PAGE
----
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Greek Lyric Poetry Introduction. What is Lyric Poetry? •Greek Lyric Poetry refers to poetry sung to a stringed instrument (usually a lyre but also flutes.

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Παρουσίαση με θέμα: "Greek Lyric Poetry Introduction. What is Lyric Poetry? •Greek Lyric Poetry refers to poetry sung to a stringed instrument (usually a lyre but also flutes."— Μεταγράφημα παρουσίασης:

1 Greek Lyric Poetry Introduction

2 What is Lyric Poetry? •Greek Lyric Poetry refers to poetry sung to a stringed instrument (usually a lyre but also flutes and other stringed instruments) •Lyric in this way differs from other styles of poetry like elegiac which are recited aloud •Lyric poetry contains several different forms including dithyrambs, (prayers to Dionysus) paeans (sung to Apollo) funeral dirges, wedding songs, encomia, (songs of praise) and epinicia (victory odes)

3 Lyric Age •The so called “golden age” of Greek lyric poetry spans from 650 to about 450 BC, this is the first period from which the names of individual lyric poets survive •It appears that a long period of anonymous lyric poetry preceded this “golden age” •There are nine chief lyric poets as established by the Alexandrians and first recorded in 100 BC •Alcman, Alcaeus, Anacreon, Bacchylides, Ibycus, Pindar, Sappho, Simonides, Stesichorus •We shall concern ourselves with Anacreon, Sappho, and Archilochus

4 Archilochus ( BC) •Lyric poet from Paros, wrote iambics (meter used for jest and ridicule) and elegiacs (love poetry), mercenary soldier •Wrote many poems attacking Lycambes who was believed to have promised his daughter Neoboule to the poet and then changed his mind •The state of Archilochean manuscripts is not great, most of the fragments which have survived are quoted in the works of other writers

5 Archilochus fragment 71 (as listed by D. Campbell) •ε ἰ γ ὰ ρ ὣ ς ἐ μο ὶ γένοιτο χε ῖ ρα Νεοβούλης θιγε ῖ ν •If only it were possible for me to touch the hand of Neoboule. •This one line fragment indicates the longing of the poet for his absent lover •Few other lines in Archilochus’ poetry speak directly of Neoboule and never with such tenderness, Archilochus’ usual target is her father Lycambes,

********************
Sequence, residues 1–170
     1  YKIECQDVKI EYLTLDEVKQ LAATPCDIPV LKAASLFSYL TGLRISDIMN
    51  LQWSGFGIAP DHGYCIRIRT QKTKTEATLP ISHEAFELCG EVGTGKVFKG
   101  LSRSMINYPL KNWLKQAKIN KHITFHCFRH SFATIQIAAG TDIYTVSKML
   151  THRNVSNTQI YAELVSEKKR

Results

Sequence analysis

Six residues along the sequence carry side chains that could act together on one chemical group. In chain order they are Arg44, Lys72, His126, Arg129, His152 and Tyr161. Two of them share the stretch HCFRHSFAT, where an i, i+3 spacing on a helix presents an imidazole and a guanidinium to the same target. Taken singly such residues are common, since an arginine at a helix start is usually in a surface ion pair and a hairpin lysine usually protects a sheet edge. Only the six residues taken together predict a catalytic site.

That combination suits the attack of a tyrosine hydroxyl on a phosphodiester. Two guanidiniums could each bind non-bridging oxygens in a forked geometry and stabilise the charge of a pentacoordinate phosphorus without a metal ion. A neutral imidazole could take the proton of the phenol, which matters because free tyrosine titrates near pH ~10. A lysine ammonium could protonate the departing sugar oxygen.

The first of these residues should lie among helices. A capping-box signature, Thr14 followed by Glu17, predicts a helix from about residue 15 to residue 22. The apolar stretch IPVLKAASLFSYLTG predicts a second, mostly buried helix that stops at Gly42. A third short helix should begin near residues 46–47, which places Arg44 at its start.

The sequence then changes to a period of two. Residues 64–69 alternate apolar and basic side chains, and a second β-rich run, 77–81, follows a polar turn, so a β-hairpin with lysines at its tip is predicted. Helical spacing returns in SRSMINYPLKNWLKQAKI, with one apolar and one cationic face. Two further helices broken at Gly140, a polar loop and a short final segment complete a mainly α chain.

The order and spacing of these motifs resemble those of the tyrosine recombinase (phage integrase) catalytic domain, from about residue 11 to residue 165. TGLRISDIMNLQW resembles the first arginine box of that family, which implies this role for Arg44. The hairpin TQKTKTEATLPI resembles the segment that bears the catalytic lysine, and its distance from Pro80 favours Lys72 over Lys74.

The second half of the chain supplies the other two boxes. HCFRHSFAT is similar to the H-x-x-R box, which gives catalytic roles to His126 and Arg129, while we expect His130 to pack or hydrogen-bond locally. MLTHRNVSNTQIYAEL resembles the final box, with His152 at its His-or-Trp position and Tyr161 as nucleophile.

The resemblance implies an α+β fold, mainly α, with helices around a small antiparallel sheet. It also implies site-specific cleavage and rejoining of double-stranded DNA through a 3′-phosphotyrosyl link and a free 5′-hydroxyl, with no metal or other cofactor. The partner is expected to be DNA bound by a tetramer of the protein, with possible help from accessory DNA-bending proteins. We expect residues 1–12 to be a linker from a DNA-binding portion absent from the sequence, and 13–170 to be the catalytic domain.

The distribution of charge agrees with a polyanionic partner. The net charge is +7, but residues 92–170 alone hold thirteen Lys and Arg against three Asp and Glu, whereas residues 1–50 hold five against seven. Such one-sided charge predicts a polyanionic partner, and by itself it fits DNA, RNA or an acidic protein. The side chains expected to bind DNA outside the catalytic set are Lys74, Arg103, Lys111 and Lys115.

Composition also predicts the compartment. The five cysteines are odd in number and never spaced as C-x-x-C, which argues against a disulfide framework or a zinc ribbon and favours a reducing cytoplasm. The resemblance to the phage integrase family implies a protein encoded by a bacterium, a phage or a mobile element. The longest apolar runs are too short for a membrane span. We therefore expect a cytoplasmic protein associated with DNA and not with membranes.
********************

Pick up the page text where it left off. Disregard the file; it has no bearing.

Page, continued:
6 Sappho ( BC) •Female poet born on island of Lesbos, one of the most renowned and revered poets of the ancient world •much of her poetry has been lost, term lesbian comes from her love poems to young women •her poetry includes wedding songs, hymns to gods, and even some personal material

7 Sappho 55 •κατθάνοισα δ ὲ κείσηι ο ὐ δέ ποτα μναμοσύνα σέθεν • ἔ σσετ' ο ὐ δ ὲ ποκ' ὔ στερον· ο ὐ γ ὰ ρ πεδέχηις βρόδων •τ ὼ ν ἐ κ Πιερίας· ἀ λλ' ἀ φάνης κ ἀ ν Ἀ ίδα δόμωι •φοιτάσηις πεδ' ἀ μαύρων νεκύων ἐ κπεποταμένα. •When you die, as you lie there, no memory of you will persist, •Not now nor in the future. You have no share of the Pierian roses, rather •Unseen in the house of Hades you will float around flying amongst the invisible corpses

8 Anacreon ( B.C.) •Born in Teos in Ionia, wrote poetry that was mostly monodic to be sung solo as opposed to choral which is sung by a chorus, •his poetry covers a wide range of topics including love, disappointment, parties, and everyday life •Served under a variety of powerful patrons including Polycrates, the tyrant of Samos and Hipparchus one of two tyrants at Athens

9 Anacreon 358 •σφαίρηι δη ὖ τέ με πορφυρ ῆ ι •βάλλων χρυσοκόμης Ἔ ρως •νήνι ποικιλοσαμβάλωι •συμπαίζειν προκαλε ῖ ται· • ἡ δ', ἐ στ ὶ ν γ ὰ ρ ἀ π' ε ὐ κτίτου •Λέσβου, τ ὴ ν μ ὲ ν ἐ μ ὴ ν κόμην, •λευκ ὴ γάρ, καταμέμφεται, •πρ ὸ ς δ' ἄ λλην τιν ὰ χάσκει. •Eros, hitting me with a purple ball, once again •summons me to play with the girl wearing elaborate sandals. •She is from well-built Lesbos, she finds fault with me •because my hair is white, and she stands agape at another woman.

10 Anacreon 417 •π ῶ λε Θρηικίη, τί δή με • λοξ ὸ ν ὄ μμασι βλέπουσα •νηλέως φεύγεις, δοκε ῖ ς δέ • μ' ο ὐ δ ὲ ν ε ἰ δέναι σοφόν; • ἴ σθι τοι, καλ ῶ ς μ ὲ ν ἄ ν τοι • τ ὸ ν χαλιν ὸ ν ἐ μβάλοιμι, • ἡ νίας δ' ἔ χων στρέφοιμί • σ' ἀ μφ ὶ τέρματα δρόμου· •ν ῦ ν δ ὲ λειμ ῶ νάς τε βόσκεαι • κο ῦ φά τε σκιρτ ῶ σα παίζεις, •δεξι ὸ ν γ ὰ ρ ἱ πποπείρην • ο ὐ κ ἔ χεις ἐ πεμβάτην. •Thracian philly, •why looking ruthlessly askance at me •do you flee me •you seem to have no sense. •Know this truly, •I would beautifully flick the reins, •Holding the reins I would ride you •Around the turn posts of the racecourse. •Now you graze in the meadows and •Nimbly leaping around you play •Because you do not have the right horse-tamer on her back.


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